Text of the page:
I’m 78. Oh, you think I look good? (He strokes his hair.) It’s A-1 Sauce. That’s the secret. No gray!

Chefs were always superstars, not just today. It was just a different time with no media. (When I was coming up), great chefs were at big hotels. And if a chef moved to another hotel, the clientele moved with him. But because the media wasn’t there, it was not publicized.

The star chefs today … a lot become stars but they are not chefs. They have no bloody idea how to cook, and yet people follow them. Now Rachel Ray knows how to cook, and she’s not even a chef. But many other TV stars really make a mockery of the culinary arts, they don’t cook, they just recreate without any meaning.

This guy (Gordon) Ramsey guy, he’s making a mockery out of culinary arts. … Here’s this guy trying to get us back into this philosophy of screamers in the kitchen. We’ve put them on a pedestal and created some monsters. But there are many good ones, too.

In my opinion we do have a problem with some culinary schools. For one, we have 880 of them in this country, and they charge a lot of money for it. And they don’t give a service to the students and there’s no control over the quality of their education. There’s no check up on the culinary side to see what they’re being taught. They siphon off the money and don’t give back to the students, and I feel sorry for these kids. I know of culinary schools where the faculty couldn’t even cook. There are about 15 to 20 top culinary programs in the country, and this one here is one of them.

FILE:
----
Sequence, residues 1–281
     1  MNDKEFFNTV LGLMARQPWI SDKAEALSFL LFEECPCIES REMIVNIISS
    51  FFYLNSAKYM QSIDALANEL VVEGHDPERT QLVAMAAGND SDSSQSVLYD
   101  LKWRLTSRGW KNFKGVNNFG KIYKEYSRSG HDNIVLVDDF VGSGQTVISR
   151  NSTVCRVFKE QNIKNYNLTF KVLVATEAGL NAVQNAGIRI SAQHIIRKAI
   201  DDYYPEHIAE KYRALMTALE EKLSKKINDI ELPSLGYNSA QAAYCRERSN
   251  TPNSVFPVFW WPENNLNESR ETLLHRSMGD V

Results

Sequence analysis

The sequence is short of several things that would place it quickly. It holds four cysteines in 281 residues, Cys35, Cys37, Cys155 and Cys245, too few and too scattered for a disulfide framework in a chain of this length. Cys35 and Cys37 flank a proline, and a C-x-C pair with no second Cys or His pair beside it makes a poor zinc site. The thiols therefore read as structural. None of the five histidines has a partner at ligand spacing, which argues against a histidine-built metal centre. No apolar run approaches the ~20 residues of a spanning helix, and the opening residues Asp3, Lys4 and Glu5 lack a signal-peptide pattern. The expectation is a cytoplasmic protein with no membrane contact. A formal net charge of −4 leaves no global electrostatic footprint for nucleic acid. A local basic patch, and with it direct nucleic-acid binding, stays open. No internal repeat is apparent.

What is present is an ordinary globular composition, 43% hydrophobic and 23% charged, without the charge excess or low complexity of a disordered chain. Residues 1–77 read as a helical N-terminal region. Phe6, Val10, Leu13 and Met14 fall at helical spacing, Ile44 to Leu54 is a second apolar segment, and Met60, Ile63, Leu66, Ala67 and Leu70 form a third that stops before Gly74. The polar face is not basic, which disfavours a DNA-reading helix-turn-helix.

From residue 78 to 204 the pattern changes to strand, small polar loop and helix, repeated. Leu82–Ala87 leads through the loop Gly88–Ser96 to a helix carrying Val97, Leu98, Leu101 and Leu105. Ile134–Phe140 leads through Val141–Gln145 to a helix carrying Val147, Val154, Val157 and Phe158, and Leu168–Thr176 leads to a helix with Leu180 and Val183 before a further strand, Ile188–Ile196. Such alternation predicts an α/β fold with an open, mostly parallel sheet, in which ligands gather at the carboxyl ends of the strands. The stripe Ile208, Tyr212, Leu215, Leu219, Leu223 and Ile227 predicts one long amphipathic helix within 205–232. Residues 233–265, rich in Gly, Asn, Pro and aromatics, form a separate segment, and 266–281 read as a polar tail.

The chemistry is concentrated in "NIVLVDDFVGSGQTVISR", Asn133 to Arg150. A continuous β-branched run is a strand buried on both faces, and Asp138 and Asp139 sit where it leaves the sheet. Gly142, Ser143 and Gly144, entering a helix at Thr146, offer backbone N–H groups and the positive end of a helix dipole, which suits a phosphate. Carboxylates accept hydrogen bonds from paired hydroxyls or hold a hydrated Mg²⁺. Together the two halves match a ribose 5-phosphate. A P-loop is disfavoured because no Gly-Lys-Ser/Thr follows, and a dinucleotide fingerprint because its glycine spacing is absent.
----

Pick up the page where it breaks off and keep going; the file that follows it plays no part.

Apprenticeships are very good, and I’d like to see more of them. But those also cost money, so I’d like to have more grants and scholarships to pay for these. But there are reasons why they’re not always successful (in the U.S.)

Sometimes the apprentice is considered a source of cheap labor. To supervise this and make sure the apprentice is truly learning and not put on (the salad station) for two years is very difficult. In Europe, a three-year apprenticeship is equivalent to going to culinary school. The first year the apprentice is paid minimum wage, the second year a little more, and in the third year, if he’s good, a full cook’s wages. In Europe you move to a different station every three months to make sure you have a broad education.